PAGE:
Corporate goals are founded on the fundamentals of people and resource productivity, as well as long-term growth. As a business scales and expands, it focus shifts to serving its market with maximum efficiency through process optimization. The Pareto Principle also known as the 80/20 principle, states that inputs and outputs are always skewed and not generally correlated. This means that a significant outcome can be obtained from a smaller input within a business; and it is all based on the prioritization of work and targets.
We sit in the same chair at home about 80% of the time, we converse with 20% of our friends and family or even interact with only 20% of all phone apps 80% of the time. This is typical of any other fundamental human experience, as well as many sectors within an economy; and is known as “The Pareto Principle.” Dr. Joseph Juran developed this principle in the 19th century based on the observations of Vilfredo Pareto, an Italian economist, that only 80% of the country’s land was owned by 20% of the population.
This phenomenon plays out across various sections in a business; and can be observed while evaluating performance for teams and products as well as customer satisfaction and market size. It is common to see people who appear to be busy all day but accomplish very little. This is almost always because they are preoccupied with low-value tasks while putting off the key activities that could make a significant difference to their results. According to the Pareto Principle, the most valuable tasks you can do each day are often the most difficult and complex, but the payoff and rewards for completing them can be enormous.
80/20 Rule in Business Environment
As a business manager, you may discover that 20% of the firm’s employees drive 80% of the firm’s profits or that 80% of human resource problems are caused by 20% of the employees. This is an excellent evaluation metric to determine the root cause and try to correct it through work redistribution, promotion, bonus rewards, and restructuring. The principle assists management to recognize and reward exceptional performance.
Identify the most productive employees, and charge them with the most important task. Place them in positions of leadership so they can teach others the same principles they follow.Finally, determine the distinctive characteristics, skills, and habits that contribute to their productivity; and use this knowledge to train other employees, increasing the overall productivity of your team.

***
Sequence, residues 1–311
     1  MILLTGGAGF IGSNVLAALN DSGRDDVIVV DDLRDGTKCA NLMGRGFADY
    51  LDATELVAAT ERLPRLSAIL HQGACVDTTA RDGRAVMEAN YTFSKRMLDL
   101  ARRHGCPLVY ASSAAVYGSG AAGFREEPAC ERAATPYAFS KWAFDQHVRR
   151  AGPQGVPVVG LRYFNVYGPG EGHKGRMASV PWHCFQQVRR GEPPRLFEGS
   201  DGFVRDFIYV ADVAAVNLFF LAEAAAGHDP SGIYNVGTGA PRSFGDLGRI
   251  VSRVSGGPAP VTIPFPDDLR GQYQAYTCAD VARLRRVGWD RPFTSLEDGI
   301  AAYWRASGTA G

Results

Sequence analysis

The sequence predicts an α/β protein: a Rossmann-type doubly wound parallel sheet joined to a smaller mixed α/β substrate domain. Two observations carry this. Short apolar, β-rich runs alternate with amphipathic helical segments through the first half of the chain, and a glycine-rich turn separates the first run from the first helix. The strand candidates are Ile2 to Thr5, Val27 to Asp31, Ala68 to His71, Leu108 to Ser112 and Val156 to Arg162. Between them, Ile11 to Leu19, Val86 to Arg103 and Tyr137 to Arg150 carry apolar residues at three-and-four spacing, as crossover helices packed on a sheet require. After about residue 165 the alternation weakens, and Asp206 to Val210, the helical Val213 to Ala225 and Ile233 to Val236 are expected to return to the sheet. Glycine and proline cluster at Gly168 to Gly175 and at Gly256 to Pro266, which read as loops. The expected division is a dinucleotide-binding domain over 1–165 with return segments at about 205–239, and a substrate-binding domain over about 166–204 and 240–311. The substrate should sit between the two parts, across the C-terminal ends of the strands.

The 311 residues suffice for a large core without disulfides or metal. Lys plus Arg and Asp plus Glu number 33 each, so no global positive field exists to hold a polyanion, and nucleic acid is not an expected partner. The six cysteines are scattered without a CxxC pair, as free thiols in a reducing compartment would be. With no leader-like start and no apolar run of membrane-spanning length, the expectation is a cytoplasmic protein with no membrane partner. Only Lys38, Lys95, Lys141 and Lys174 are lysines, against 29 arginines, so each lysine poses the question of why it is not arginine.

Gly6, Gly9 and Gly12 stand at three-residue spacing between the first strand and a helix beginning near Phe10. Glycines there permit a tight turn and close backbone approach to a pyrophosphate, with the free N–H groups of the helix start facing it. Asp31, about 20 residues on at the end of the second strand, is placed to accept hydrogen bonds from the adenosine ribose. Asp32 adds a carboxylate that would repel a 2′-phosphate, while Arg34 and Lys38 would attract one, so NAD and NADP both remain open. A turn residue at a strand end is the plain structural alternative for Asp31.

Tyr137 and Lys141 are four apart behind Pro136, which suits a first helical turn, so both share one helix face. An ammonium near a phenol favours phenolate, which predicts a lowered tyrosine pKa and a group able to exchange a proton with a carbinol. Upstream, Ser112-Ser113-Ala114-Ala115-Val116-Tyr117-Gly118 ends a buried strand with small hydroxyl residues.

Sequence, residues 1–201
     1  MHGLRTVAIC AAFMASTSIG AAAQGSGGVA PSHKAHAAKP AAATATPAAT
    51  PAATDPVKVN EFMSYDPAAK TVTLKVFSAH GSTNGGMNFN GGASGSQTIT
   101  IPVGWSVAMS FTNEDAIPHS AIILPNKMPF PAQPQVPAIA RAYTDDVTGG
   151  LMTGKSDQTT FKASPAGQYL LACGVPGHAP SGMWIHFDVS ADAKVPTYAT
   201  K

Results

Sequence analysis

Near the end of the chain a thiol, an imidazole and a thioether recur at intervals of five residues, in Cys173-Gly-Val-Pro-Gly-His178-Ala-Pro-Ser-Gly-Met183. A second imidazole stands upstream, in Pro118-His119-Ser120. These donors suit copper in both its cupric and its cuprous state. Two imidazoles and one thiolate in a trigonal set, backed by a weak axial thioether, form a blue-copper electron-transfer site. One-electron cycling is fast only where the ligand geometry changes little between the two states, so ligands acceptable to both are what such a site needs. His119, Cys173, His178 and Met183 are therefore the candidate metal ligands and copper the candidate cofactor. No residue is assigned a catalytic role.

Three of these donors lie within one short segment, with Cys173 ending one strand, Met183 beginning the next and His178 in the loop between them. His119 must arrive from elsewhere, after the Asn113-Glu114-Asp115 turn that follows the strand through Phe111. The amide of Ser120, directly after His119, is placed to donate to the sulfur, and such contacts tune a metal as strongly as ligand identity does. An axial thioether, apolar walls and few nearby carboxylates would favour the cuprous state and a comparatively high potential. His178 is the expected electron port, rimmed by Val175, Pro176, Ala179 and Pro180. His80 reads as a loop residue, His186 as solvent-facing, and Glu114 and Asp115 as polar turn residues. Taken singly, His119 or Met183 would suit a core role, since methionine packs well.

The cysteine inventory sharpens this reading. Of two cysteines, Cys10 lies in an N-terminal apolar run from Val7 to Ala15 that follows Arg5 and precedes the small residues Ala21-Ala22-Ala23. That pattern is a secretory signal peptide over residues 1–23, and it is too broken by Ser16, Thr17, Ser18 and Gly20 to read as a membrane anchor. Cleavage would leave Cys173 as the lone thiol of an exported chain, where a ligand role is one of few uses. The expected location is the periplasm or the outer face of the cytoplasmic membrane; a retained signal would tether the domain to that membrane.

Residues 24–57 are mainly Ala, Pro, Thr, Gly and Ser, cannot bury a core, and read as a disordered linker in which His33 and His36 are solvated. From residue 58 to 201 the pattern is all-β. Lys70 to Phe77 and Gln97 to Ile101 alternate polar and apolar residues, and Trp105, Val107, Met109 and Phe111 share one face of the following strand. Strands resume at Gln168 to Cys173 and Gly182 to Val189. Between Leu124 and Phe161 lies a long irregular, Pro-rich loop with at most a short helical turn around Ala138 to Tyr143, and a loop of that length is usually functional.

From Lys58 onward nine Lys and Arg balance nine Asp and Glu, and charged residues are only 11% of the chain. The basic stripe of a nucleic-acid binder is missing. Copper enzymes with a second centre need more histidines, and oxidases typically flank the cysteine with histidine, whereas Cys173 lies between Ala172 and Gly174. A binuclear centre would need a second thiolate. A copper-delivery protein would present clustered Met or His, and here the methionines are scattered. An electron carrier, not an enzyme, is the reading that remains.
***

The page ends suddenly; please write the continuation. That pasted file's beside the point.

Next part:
80/20 rule in Sales
Businesses make money by selling their products and services, and it’s critical to identify the key drivers of overall performance by applying the Pareto Principle to understand where to focus the most energy. When performing product evaluation, management may discover that 80% of the sales volume is attributed to 20% of the products in the product line and resort to focusing on the high-earning product through increased research and development. Furthermore, a company may discover that 80% of its revenue comes from 20% of its customer base and that it has been allocating time and effort equally to both high-profit and low-profit clients. As a business strategy, it will be prudent to concentrate on high-profit clients and get to satisfy them, create a profile for them, and then target customers in the marketplace who fit that profile.
80/20 In Time Management
Most people spread their time thinly across all tasks instead of first focusing on the most important tasks. Entrepreneurs often believe that they must work excessive hours in order to generate profits. This sort of behavior creates a skewed work-life balance, which can be unhealthy, lead to burnout, and decrease productivity. To avoid this cycle, business owners ought to identify the 20% of income-generating tasks that yield the highest payoff and focus on them. Because of limited time and resources, the Pareto Principle will help executives prioritize projects and goals while delegating and dropping tasks. The time saved by applying the 80/20 principles, allows for more time for personal enrichment, relaxation, exercise, mental health, and building of meaningful relationships.
In an ideal scenario, every employee doing similar work in a company should contribute to the same number of outcomes at work. Every effort must yield an equal number of results. However, as previously noted, this is not the case, and a focus on the most important things must be prioritized and implemented. This should not render the remaining 80% useless, but they should be considered as tasks to be completed after the bottleneck has been cleared.
The Pareto Principle is not a hard and fast rule, but rather a guideline for the typical distribution of most things, including effort, reward, and output; and the number does not always have to be 80/20. The principle of the imbalance takes precedence over numbers. It is worth noting that even 15% of employees can complete 100% of all tasks in a company, or 60% of revenues could come from 40% of the customer base. This also does not imply that with only 20% effort, one can achieve an 80% result. The goal is to minimize the effort required for a given task in order to achieve the best results, hence 20% focus must always be given 100% effort.
Author: Victor Otieno